film-camera

As a content creator, an ongoing goal of mine is to experiment with different content formats to improve content marketing efforts. A big facet of this goal is the foray into video production. When you do it right, video is a great medium to use to entice viewers, get valuable content across in a visual format, and help add another element to the digital marketing mix.

But I know from experience that producing good videos that provide legitimate value is no easy feat. If you're trying to expand your content marketing efforts by entering into the digital video milieu, things may not go as smoothly as you expect. Here are 5 things I wish I had known about video production when I first started, which will help you avoid some of the mistakes I made.

1. You Need To Invest In A Good Camera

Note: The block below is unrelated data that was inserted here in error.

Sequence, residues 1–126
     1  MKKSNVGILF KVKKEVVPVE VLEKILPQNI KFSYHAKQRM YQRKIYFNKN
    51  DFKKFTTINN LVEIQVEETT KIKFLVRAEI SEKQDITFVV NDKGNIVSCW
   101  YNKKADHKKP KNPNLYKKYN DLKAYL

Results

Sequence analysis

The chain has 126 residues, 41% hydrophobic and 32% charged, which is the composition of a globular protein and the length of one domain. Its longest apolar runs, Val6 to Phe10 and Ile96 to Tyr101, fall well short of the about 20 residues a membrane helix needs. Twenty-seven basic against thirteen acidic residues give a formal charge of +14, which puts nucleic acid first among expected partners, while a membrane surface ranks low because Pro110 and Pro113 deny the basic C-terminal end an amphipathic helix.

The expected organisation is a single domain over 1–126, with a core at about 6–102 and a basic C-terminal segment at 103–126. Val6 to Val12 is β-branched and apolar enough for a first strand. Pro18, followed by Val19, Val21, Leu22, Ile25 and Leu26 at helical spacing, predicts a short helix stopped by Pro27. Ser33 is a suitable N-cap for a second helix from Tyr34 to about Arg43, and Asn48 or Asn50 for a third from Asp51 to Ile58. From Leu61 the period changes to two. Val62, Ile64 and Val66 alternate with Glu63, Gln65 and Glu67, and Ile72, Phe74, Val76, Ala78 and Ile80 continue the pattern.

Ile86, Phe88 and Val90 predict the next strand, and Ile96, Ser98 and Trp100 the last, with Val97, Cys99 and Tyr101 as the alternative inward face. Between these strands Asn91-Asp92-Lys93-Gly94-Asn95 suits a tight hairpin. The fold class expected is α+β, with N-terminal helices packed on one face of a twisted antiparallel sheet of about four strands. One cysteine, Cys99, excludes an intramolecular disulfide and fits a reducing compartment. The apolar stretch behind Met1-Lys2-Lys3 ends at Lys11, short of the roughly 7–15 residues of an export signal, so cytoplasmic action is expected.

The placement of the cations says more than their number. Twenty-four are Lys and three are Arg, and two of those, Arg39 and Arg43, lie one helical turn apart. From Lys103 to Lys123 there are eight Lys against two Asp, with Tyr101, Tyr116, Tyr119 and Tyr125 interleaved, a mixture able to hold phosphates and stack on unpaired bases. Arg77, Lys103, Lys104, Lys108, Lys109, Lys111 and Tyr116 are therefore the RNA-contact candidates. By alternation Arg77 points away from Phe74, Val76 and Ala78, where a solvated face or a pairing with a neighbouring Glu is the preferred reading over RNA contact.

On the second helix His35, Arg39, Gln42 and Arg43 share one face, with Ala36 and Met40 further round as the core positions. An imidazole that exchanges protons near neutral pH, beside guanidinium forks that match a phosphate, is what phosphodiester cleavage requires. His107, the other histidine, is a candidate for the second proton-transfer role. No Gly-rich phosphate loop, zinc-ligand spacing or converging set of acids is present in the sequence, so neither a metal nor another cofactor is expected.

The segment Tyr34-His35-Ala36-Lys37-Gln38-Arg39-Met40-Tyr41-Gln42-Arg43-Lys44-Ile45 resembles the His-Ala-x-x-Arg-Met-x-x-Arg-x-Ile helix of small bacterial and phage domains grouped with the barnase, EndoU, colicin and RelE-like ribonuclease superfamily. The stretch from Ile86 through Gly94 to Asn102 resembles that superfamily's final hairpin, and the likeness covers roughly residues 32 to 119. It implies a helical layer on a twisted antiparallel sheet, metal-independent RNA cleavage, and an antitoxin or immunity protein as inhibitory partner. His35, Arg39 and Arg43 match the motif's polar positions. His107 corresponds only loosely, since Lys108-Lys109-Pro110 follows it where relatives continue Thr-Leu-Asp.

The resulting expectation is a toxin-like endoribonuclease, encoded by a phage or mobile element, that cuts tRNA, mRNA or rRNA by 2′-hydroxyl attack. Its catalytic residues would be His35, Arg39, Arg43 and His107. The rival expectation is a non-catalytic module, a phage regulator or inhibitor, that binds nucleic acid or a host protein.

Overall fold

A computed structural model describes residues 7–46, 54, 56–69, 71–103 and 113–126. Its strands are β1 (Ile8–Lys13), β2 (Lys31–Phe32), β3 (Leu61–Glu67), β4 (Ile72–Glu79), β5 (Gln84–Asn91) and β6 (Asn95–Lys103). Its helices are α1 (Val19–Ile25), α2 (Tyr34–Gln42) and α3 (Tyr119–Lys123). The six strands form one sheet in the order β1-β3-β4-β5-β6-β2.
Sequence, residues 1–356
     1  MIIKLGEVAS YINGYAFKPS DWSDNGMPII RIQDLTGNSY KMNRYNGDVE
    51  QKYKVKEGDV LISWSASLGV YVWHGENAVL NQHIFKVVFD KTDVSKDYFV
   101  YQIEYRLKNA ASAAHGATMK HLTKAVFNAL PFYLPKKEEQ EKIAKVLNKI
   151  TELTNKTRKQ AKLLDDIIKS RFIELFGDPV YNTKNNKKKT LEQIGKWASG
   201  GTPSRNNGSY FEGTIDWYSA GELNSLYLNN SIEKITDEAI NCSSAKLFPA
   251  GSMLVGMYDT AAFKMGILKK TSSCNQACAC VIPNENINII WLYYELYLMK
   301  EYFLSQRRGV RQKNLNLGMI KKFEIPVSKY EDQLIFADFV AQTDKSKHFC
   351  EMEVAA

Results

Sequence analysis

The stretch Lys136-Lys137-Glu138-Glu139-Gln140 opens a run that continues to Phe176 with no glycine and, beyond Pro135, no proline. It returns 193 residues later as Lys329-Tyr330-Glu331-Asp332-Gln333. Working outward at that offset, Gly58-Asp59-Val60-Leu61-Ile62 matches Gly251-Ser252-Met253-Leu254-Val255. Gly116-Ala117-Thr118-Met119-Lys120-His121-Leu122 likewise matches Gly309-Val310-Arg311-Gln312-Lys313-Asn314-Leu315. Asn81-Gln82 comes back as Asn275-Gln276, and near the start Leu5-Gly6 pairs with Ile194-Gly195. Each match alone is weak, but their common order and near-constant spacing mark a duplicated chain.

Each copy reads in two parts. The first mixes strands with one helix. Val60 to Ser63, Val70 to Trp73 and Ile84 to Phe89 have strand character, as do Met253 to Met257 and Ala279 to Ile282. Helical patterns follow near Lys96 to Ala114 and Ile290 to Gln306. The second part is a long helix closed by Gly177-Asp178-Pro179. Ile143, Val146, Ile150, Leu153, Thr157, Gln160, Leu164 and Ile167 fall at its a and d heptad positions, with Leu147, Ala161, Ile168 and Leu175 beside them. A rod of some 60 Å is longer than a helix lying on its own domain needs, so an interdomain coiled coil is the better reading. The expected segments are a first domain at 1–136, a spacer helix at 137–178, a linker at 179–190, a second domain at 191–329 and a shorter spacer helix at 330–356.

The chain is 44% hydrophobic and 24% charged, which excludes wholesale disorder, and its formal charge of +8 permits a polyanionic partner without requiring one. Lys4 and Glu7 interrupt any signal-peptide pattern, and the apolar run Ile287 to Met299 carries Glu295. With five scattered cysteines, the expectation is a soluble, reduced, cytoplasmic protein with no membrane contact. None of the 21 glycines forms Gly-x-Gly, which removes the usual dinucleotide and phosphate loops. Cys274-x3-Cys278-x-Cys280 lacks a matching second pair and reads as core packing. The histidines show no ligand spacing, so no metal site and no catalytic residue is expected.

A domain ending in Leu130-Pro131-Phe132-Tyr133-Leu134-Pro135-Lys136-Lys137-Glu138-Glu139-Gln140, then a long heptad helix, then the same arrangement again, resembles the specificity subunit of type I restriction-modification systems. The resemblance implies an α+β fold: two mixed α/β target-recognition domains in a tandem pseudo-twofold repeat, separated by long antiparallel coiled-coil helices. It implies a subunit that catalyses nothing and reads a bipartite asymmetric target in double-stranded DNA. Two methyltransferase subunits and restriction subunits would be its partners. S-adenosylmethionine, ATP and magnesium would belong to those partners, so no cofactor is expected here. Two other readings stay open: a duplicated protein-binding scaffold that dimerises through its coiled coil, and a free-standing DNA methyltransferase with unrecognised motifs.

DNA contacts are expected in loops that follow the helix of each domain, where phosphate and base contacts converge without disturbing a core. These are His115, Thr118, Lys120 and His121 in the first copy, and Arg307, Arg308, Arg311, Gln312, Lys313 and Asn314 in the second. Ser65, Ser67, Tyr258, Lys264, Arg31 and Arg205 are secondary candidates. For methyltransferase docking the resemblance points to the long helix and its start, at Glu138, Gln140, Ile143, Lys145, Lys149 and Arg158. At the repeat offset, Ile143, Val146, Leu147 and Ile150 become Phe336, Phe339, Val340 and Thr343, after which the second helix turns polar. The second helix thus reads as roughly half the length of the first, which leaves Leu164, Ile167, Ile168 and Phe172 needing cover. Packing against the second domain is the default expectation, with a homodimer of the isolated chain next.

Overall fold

Fairly obvious, yes, but important nonetheless. No amount of tinkering will improve the quality of your video footage enough to be published if the source footage was filmed using a bad camera (trust me, I've tried). You may be apprehensive to put money into equipment if you're just starting out, but you need to if you want sharp, high-quality video content.

The good news is that you can get a camera that will produce professional quality video for a very reasonable price. I would suggest going with a DSLR – a Nikon or a Canon, for example – that shoots both video and stills. You can get a decent one for around $500 that shoots high-definition video and is easy to operate.

2. Finding The Right Place To Shoot Is An Uphill Battle

Life would be much easier if you could film wherever you wanted, but you can't. Particularly if you're filming interviews or instructional videos, the location you choose to shoot in is critical. Lighting, sound, and aesthetics all factor into the equation, and if one element is off it can make the footage completely unusable.